1. Moon Flowers (Ipomoea alba)
Moon flowers are not particular to Buenos Aires; they are grown in gardens around the world, and indeed I first saw these fragrant, nocturnally blooming relatives of the morning glory in our neighbor Kirk’s garden in DC. Soon after we arrived here, however, we came across a large moon flower vine in a front yard around the block from our house. We noticed that the large white flowers were open in the evening and closed during the day, and so Isabel and I set out to pinpoint the timing of the floral movements. We thought the flowers might open pretty quickly, so we made a plan to visit the plant every half hour, starting at 6 pm. Our first evening, we found five elongate swollen buds that looked like they were ready to go. No action at 6; no action at 6:30. When we returned at 7, however, we were surprised to see a fully expanded flower, so we knew the opening took less than 30 minutes. As we were standing there, all of a sudden another bud unfurled in fast forward — opening to its full expanse in less than 60 seconds! We could hardly believe our eyes! A couple of minutes later, another one did the same thing, this time helped by a puff of wind to expand in under 20 seconds. Over the next few weeks, we would swing by the plant before dinner, in time for the evening show, and came to reliably recognize buds that would open within the next minute or so.
The folding-up the next day is a slower process. We visited the plant every hour starting at 8 am and found that the petals gradually roll in, so that by noon the open flower looks like a tube sock that has just been pulled off a leg. They roll up faster in the sun, and will stay open into the early afternoon on a cool or cloudy day. Each flower lasts only about 15 hours — enough time, presumably, to be visited and pollinated by a long-tongued hawkmoth, though we never saw any hover by.
The precision of the opening time reminded me of Linnaeus’ idea for a floral clock, which was meant to allow a viewer to tell the time, based on fixed opening and closing times of particular species: http://www.bbc.co.uk/dna/h2g2/A5170024
2. Monstera deliciosa – Nature’s Happy Meal
My friend Rudi introduced me to the delightful fruits of Monstera deliciosa, which ripen and fall in the autumn, and provide days of delectation and amusement. The common name of the plant is split-leaf philodendron (also ‘fruit salad plant’), a vine with huge leaves that climbs high up the sides of trees and buildings, and is commonly planted in gardens and parks in Buenos Aires.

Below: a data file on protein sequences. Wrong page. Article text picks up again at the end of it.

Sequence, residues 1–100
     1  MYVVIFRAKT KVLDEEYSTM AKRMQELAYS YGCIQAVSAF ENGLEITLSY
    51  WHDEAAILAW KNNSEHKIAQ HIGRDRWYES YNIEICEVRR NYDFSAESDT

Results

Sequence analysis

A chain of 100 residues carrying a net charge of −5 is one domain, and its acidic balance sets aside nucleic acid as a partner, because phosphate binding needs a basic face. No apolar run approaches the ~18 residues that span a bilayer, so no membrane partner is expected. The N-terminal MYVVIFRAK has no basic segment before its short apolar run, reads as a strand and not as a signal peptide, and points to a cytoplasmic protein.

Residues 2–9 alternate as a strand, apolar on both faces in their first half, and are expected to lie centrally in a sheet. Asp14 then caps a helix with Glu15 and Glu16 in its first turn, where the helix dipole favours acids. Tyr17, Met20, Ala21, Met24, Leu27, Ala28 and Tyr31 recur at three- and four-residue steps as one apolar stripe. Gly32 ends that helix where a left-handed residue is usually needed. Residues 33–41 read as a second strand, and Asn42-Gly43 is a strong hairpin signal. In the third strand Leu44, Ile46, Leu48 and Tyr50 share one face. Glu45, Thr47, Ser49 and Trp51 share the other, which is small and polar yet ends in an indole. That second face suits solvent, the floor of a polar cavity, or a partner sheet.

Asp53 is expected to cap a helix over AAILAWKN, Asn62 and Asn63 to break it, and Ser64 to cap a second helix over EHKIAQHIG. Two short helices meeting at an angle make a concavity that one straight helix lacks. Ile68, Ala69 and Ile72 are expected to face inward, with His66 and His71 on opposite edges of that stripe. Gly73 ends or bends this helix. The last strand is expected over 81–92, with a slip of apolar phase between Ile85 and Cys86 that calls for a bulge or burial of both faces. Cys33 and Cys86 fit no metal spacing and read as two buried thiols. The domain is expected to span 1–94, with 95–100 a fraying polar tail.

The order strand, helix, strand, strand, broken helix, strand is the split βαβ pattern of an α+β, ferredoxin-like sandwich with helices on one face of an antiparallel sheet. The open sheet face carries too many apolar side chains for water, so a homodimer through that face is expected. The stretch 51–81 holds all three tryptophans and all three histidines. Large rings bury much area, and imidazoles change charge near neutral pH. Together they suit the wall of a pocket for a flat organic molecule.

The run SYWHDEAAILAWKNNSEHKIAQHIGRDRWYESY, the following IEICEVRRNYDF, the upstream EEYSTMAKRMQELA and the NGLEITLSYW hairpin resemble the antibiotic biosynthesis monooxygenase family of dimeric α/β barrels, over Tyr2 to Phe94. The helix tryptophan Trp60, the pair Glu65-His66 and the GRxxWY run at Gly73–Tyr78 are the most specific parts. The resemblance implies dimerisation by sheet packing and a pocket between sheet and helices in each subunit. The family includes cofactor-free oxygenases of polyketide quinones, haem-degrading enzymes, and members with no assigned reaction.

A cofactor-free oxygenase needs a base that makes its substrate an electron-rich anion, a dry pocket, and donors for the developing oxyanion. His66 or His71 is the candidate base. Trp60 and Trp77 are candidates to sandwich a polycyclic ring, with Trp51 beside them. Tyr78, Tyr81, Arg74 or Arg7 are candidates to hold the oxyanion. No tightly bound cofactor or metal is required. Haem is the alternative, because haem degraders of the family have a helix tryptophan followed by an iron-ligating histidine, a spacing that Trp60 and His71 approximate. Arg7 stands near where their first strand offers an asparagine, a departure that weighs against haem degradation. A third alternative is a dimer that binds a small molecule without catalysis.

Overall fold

The fruits look kind of like elongate green pine cones, covered with hexagonal green tiles. They ripen slowly, starting as the end farthest away from the stem, over the course of about 5 days, all the while emitting a pungent pineapple fragrance that fills the kitchen. The tiles lift off the fruit and fall away (great for arranging into geometric patterns), revealing another set of white hexagons below. This is the soft edible part of the fruit, which you pull off of the tough core and eat; it tastes like a cross between pineapple and banana – delicious, just as the latin name of the the fruit promises! The next day, you’ll have a few more tiles and a little more fruit. You can only eat the flesh below the loosened tiles, so a fruit will last about a week, in daily doses of an inch or two of ripeness.
You have to be careful not to eat the green tiles or the unripe fruit, because they contain calcium oxalate crystals and other substances that can irritate your mouth and throat. (Some plants in the Arum family, to which Monstera belongs, are called ‘dumbcane,’ because ingestion of the plant can literally make you dumb, at least temporarily.)
3. Palo Borracho (Chorisia speciosa)
Palo Borracho is a very common street tree in BsAs, instantly recognizable (depending on the season and age of the tree) by its bottle shape, green spiny trunk, voluptuous pink flowers, and large green mango-sized fruits that open to release puffs of cottony-downy seeds.
4. Samaras on a legume! (Tipuana tipu)
This one is just for the botany aficionados — samaras on a legume! In plant taxonomy class I learned that plants in the pea family have fruits called legumes, which are essentially pea pods — but one of the most common and beautiful street trees in Buenos Aires, the tipa (Tipuana tipu), has fruits that look just like typical maple samaras, with one seed and a wing! I can hardly explain how startling and almost unnerving a sight this is — maybe like seeing feathers on a cow!